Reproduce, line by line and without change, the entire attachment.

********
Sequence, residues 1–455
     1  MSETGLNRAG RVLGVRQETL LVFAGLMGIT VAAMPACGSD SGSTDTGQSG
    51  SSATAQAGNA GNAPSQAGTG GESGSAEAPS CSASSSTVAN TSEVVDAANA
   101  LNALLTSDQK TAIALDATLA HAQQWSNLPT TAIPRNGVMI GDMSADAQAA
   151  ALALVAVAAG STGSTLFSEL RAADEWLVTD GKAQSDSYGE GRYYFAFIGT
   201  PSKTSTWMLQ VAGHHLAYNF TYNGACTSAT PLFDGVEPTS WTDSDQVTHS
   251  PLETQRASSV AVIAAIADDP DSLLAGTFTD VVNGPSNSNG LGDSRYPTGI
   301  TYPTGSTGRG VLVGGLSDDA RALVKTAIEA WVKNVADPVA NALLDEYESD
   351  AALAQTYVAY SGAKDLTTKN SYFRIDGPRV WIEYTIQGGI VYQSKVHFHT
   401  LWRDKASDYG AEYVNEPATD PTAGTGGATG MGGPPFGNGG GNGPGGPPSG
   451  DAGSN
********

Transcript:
Sequence, residues 1–455
     1  MSETGLNRAG RVLGVRQETL LVFAGLMGIT VAAMPACGSD SGSTDTGQSG
    51  SSATAQAGNA GNAPSQAGTG GESGSAEAPS CSASSSTVAN TSEVVDAANA
   101  LNALLTSDQK TAIALDATLA HAQQWSNLPT TAIPRNGVMI GDMSADAQAA
   151  ALALVAVAAG STGSTLFSEL RAADEWLVTD GKAQSDSYGE GRYYFAFIGT
   201  PSKTSTWMLQ VAGHHLAYNF TYNGACTSAT PLFDGVEPTS WTDSDQVTHS
   251  PLETQRASSV AVIAAIADDP DSLLAGTFTD VVNGPSNSNG LGDSRYPTGI
   301  TYPTGSTGRG VLVGGLSDDA RALVKTAIEA WVKNVADPVA NALLDEYESD
   351  AALAQTYVAY SGAKDLTTKN SYFRIDGPRV WIEYTIQGGI VYQSKVHFHT
   401  LWRDKASDYG AEYVNEPATD PTAGTGGATG MGGPPFGNGG GNGPGGPPSG
   451  DAGSN